Illinois regulators have approved the state's first hydraulic fracturing permit more than four years after the controversial oil-drilling practice was allowed.
The state Department of Natural Resources posted notice of approval online of an application from Woolsey Companies Inc. of Wichita, Kan. The energy development company was the first to apply for a permit under the state law enacted in June 2013. Woolsey plans to drill the first well near Enfield, in White County. [That's about 120 miles southeast of St. Louis, about 30 miles from Indiana border.]
"The permit covers the construction, completion, operating, monitoring and reporting requirements for this well," the department stated in the 14-page approval notice.
Mark Sooter, Woolsey's vice president of business development, said Friday the company expects to complete the first well by the end of the year, though he said production might not begin until early 2018. He added that Woolsey plans only one well for now.
"At this point, we'll drill only the well we got the permit for," said Sooter. "We'll study those results and evaluate additional wells."
Hydraulic fracturing relies on high-pressure chemicals and water to release oil and gas from deep-earth shale formations. Opponents who consider the practice a major threat to the environment and public health condemned approval of the Woolsey permit.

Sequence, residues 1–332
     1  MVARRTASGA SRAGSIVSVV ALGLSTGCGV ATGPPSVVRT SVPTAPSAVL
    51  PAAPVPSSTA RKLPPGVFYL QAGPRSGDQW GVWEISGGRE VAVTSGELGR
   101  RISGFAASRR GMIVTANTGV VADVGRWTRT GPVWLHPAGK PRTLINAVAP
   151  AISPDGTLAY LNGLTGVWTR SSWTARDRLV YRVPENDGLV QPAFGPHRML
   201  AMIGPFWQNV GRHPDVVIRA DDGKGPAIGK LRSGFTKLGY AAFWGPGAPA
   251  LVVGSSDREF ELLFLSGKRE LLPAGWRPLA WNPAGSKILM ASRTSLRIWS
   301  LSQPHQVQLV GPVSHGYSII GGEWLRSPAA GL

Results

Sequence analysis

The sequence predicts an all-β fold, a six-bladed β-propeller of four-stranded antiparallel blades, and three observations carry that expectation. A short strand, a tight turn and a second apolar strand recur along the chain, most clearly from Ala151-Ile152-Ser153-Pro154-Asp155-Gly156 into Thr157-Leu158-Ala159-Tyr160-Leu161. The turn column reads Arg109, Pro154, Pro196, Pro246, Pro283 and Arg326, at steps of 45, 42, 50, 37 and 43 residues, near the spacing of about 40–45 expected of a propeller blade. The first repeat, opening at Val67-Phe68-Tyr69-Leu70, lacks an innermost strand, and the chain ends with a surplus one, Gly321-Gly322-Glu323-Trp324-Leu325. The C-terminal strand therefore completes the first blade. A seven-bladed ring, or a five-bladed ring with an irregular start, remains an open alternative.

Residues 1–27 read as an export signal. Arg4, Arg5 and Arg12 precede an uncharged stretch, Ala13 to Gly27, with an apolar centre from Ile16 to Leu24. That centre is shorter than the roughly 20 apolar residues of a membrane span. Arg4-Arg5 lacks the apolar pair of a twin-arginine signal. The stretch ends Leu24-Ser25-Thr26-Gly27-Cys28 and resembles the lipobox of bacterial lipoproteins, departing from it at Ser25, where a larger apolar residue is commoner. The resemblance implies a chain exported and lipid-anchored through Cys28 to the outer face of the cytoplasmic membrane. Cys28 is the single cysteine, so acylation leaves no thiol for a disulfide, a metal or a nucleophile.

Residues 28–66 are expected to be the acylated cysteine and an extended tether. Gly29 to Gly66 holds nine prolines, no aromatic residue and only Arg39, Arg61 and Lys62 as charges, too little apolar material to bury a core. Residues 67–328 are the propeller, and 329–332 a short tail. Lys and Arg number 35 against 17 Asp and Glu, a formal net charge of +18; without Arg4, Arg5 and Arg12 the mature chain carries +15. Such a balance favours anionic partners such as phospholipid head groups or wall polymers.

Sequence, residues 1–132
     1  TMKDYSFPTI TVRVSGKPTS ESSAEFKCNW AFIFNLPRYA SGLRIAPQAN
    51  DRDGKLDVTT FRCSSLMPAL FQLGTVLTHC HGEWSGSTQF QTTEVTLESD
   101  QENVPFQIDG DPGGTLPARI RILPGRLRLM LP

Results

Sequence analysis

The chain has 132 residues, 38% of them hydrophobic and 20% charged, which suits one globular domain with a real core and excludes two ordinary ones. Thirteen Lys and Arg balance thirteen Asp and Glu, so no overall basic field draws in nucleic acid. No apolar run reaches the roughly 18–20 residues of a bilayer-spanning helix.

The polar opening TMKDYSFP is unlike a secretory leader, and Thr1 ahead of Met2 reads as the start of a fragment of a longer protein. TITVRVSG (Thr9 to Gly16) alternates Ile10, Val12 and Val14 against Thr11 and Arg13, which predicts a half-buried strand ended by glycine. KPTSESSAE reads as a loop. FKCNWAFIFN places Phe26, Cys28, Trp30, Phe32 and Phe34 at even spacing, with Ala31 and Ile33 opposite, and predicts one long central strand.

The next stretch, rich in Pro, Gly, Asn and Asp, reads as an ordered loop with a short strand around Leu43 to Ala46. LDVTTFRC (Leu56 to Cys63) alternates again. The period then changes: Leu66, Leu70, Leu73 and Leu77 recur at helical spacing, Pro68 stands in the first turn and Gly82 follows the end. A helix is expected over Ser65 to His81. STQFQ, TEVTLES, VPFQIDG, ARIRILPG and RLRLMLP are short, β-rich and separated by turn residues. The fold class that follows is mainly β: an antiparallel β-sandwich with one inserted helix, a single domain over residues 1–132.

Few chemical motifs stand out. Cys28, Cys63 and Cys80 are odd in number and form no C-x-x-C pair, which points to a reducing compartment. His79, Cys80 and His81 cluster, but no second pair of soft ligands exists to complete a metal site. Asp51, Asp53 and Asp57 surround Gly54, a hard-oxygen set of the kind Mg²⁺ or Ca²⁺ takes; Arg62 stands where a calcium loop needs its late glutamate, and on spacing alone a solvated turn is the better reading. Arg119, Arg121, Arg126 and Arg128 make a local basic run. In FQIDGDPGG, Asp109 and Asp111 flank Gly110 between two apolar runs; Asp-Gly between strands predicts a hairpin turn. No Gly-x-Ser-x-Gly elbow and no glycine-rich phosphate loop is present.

"The IDNR decision to approve the first fracking well, despite the mass disapproval of Illinois residents, is blatant pandering to the energy industry and an affront to public opinion," said a statement from Food and Water Watch, which has pushed for a nationwide ban on fracking.
Jenya Polozova, an organizer for Food and Water Watch in Illinois, said opponents submitted several thousand comments opposed to the permit, as well as extensive scientific documentation on the dangers of fracking. She pointed out regulators had to ask for multiple corrections before approving the Woolsey permit.
"We're really concerned that DNR was very patient despite the fact they (Woolsey) were submitting seriously flawed applications," said Polozova. She added that opponents could continue to work for an outright ban in Illinois or at least even tougher rules for permits.
The group lobbied for a ban that recently took effect in Maryland.
Department of Natural Resources spokesman Tim Schweizer said approval of the permit clears the way for well construction. One other company, New York-based Kimmeridge Tri-State Exploration, has registered for hydraulic fracturing in Illinois but has not filed for a permit. A third company voluntarily withdrew its registration.